I BeKoZ YoU, Act 1: the confinement of life-giving stars is rooted in the African philosophy of Ubuntu (“I am because you are”) which suggests that “one’s humanity is affirmed through recognition of an ‘other’ in his or her uniqueness and difference" (1).
In the heart of the rainforest of Democratic Republic of Congo, a small community of indigenous people, the Ekonda Batwa, celebrate certain first time-mothers for giving life. This ancient rite of passage provides young girls, called Walés, with a group process for initiating them into womanhood. It supports their transformation into powerful sovereign women.
Even in the most secluded parts of the forest, humanity progresses. Questioning traditions and building new values, the ritual’s metamorphosis is a beautiful case in point of the Walés’ intrinsic modernity. This project aims to show that they are actually part of a tradition of resisting African women who have survived patriarchal oppression by relying on collective feminine rituals and creative expression (2).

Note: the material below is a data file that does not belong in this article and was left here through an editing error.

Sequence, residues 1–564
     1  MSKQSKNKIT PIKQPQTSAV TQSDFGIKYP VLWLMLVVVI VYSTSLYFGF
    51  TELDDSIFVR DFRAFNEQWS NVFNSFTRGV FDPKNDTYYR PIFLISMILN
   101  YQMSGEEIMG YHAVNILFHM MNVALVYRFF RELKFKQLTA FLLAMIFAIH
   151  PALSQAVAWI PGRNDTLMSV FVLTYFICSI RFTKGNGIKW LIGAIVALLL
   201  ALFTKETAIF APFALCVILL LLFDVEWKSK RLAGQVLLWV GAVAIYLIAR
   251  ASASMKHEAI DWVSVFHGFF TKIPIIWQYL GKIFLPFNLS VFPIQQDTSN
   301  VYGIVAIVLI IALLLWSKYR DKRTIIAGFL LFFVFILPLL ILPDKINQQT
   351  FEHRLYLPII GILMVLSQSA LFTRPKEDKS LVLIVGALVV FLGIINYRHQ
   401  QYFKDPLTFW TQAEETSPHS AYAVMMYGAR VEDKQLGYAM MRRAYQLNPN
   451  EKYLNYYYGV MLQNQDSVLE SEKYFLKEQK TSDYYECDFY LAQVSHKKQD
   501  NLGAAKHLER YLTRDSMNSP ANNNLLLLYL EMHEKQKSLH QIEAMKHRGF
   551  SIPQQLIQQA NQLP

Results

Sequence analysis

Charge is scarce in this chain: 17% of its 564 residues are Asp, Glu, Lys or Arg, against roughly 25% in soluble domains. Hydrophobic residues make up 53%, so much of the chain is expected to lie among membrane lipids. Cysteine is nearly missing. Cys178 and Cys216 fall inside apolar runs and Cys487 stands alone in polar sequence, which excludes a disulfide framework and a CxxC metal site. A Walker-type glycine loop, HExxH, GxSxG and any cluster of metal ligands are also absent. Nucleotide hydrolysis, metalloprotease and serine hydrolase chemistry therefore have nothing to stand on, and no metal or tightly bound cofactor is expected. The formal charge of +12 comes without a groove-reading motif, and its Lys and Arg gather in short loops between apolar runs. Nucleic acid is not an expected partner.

1 Michael Onyebuchi Eze
2 Minna Salami
Illustration: Ila Dani for Patrick Willocq
Boomo Bialé & The Walés is the signature name of an artistic collaboration between French photographer and humanist Patrick Willocq and several young Congolese first-time mothers, dancers and singers, a.k.a The Walés, identifying as Ekonda Batwa, an indigenous people of Democratic Republic of Congo.
The naïve mise en scene images, co-created with the Walés, of the various series that form part of the body of work Songs of the Walés (2013-2016), an internationally acclaimed and exhibited photography project, revealed the rising of new ethnographic subjectivity that operates from the realm of participatory artistic production (3).
I BeKoZ YoU, a story told in three acts, is their latest brainchild, four years in the making.
3 Azu Nwagbogu